Eight South China Tiger cubs play at the nursery of the Nanchang Zoo under the watch care of a worker on June 17, 2021.
Planning for the Future
The fifth edition of Global Biodiversity Outlook (GBO-5), released last year, warns that despite progress in certain areas, the global trend of biodiversity loss is yet to be reversed, and calls for the international community to change ways to ensure the conservation and sustainable use of biological resources. At the COP15 meetings, the international community should review global efforts of biodiversity conservation carried out in the past, adopt the Post-2020 Global Biodiversity Framework, set biodiversity conservation goals for the next decade, and identify the measures needed to achieve these goals.
For this purpose, countries should use a top-level design to bring biodiversity conservation into the social mainstream. Biodiversity conservation should be given priority in government agendas, and feasible plans and policies should be made to balance conservation with socio-economic development. To mitigate the impact of land use on biodiversity, countries should take measures to protect ecological space and control changes in the functions of key segments of ecological space. The authenticity and integrity of ecosystems should be maintained and restored, and more efforts should be made to promote sustainable agriculture, forestry, and fishing industry, enhance protection of marine environment, and ensure the health of ecosystems, so that humankind can slow down and better adapt to climate change.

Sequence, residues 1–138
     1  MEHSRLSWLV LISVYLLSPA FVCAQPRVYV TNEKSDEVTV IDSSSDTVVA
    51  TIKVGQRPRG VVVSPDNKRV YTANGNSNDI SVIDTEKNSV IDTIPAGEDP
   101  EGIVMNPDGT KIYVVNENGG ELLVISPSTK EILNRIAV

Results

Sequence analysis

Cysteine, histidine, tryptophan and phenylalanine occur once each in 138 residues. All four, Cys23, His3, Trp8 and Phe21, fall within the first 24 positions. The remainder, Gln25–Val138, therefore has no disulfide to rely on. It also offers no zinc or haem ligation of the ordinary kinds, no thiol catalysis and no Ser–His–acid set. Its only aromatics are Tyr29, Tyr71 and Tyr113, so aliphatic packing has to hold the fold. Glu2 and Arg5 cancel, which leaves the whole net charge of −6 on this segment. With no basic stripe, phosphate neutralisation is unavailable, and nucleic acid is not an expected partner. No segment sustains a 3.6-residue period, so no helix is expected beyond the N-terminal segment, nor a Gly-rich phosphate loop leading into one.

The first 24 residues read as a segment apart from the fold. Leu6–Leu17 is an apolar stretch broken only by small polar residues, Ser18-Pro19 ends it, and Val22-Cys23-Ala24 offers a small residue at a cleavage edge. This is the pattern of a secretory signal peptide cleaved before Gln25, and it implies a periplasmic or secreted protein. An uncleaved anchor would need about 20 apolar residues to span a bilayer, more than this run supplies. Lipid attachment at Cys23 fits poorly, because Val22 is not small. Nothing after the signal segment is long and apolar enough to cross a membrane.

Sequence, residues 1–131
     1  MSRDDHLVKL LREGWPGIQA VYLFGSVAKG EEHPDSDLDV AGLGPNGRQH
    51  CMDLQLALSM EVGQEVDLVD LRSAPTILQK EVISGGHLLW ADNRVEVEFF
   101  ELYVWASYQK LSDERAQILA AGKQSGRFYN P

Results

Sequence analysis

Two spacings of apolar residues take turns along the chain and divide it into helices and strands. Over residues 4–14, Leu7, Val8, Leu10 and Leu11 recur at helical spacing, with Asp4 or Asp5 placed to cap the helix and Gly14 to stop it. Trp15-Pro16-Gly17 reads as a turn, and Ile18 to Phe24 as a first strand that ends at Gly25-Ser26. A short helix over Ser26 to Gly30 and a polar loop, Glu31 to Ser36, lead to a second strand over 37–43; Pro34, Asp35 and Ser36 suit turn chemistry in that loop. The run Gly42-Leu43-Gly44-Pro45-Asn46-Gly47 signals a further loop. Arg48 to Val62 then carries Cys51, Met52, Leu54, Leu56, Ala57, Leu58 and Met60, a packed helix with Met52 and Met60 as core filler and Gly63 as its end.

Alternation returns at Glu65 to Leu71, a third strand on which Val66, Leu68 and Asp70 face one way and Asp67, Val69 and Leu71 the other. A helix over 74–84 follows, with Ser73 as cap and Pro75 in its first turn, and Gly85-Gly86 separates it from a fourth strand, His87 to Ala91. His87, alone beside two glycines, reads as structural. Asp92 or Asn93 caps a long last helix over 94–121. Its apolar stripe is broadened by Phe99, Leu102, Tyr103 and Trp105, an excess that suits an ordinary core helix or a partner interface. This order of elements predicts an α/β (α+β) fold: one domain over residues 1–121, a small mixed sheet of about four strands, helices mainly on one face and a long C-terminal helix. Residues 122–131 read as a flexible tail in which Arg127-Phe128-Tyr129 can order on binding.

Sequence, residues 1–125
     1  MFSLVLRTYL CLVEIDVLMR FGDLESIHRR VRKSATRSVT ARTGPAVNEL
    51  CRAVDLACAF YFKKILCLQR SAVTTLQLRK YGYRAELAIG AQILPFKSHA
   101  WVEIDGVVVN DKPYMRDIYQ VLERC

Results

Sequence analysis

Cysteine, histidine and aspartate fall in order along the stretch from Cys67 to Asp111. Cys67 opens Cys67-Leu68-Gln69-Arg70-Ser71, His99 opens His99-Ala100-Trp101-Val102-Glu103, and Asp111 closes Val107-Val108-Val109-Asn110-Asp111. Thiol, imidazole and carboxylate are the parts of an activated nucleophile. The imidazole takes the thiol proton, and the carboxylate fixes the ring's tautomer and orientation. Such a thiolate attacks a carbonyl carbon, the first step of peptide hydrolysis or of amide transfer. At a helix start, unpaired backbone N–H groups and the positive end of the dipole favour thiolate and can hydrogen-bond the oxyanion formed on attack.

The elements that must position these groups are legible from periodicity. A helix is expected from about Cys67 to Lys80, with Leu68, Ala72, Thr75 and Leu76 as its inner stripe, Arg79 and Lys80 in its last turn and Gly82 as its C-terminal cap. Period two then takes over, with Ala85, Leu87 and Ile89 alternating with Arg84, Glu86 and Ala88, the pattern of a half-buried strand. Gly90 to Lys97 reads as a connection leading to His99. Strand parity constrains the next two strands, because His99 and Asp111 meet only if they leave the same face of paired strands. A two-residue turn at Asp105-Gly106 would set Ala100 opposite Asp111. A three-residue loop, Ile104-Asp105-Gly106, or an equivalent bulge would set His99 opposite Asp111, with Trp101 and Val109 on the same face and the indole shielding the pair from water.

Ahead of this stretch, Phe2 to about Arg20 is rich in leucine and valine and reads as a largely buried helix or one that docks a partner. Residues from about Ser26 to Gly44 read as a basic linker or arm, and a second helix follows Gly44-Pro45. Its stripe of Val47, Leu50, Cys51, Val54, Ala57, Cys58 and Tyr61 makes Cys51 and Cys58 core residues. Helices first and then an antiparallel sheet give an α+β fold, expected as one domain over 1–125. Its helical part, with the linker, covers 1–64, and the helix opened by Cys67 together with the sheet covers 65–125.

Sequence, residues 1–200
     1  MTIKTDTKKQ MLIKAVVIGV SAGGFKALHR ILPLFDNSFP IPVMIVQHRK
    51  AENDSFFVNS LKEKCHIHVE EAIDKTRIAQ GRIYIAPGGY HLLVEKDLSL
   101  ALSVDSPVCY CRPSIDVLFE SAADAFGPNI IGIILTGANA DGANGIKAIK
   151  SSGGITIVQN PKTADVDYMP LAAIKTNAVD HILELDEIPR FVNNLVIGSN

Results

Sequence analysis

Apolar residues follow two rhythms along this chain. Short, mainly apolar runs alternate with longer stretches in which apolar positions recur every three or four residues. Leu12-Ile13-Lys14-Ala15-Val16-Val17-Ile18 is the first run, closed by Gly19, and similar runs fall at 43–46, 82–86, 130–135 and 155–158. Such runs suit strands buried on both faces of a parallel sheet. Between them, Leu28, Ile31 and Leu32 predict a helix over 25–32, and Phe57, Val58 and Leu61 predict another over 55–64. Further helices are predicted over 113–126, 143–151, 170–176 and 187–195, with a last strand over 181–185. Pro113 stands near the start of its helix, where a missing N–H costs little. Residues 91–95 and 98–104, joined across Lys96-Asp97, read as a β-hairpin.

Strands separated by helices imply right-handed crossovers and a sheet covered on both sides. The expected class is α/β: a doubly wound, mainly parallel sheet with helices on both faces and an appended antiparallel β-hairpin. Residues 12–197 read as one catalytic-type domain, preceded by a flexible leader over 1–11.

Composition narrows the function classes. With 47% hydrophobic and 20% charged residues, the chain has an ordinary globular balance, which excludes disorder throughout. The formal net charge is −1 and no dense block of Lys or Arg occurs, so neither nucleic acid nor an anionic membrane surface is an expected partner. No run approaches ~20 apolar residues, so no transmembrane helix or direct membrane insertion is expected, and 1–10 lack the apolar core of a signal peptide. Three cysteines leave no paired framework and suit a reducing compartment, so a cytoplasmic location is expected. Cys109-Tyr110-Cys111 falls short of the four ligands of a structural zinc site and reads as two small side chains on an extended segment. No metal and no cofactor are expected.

Countries should lose no time in creating an economic system that prioritizes environmental conservation and green development. This includes building low-carbon and circular production and consumption systems, monitoring and regulating the whole process of using wildlife resources, and building up the capacity for biodiversity conservation and oversight. Efforts should also be made to increase the public’s awareness of, and participation in, biodiversity conservation and encourage all stakeholders, including businesses, financial institutions and social groups, to engage in the work.
Countries should work together to address global ecological challenges through more international cooperation and exchanges. The issue of biodiversity conservation should be brought to high-level political and diplomatic events to enhance dialogue and cooperation in this area. More communication should be conducted and a greater consensus reached at major international environmental conferences, such as the World Conservation Congress (WCC), COP15, and UNFCCC (United Nations Framework Convention on Climate Change) COP26, to rally political, financial, and technical support as well as human resources to combat biodiversity loss and the many problems it may cause worldwide, especially in developing countries.
Countries should also seek a broader consensus to make the Post-2020 Global Biodiversity Framework a reality as a matter of urgency. We should uphold multilateralism, accept common but differentiated responsibilities, accommodate the concerns of developing countries about funds, technology, and capacity building, and be committed to better global governance of biodiversity. As the host of COP15, China will perform its duties in helping build a broader consensus among all parties concerned under the principle of fairness, transparency and parties-driven process. It aims to pool the strength of all parties to reach a global framework that is ambitious, balanced, and pragmatic, which will contribute to a more just and reasonable global governance system of biodiversity in which all stakeholders play their due parts. In doing so the earth will become a community of life.
CUI SHUHONG is director general of the Department of Nature and Ecology Conservation of the Ministry of Ecology and Environment.
(Source: Economic Daily)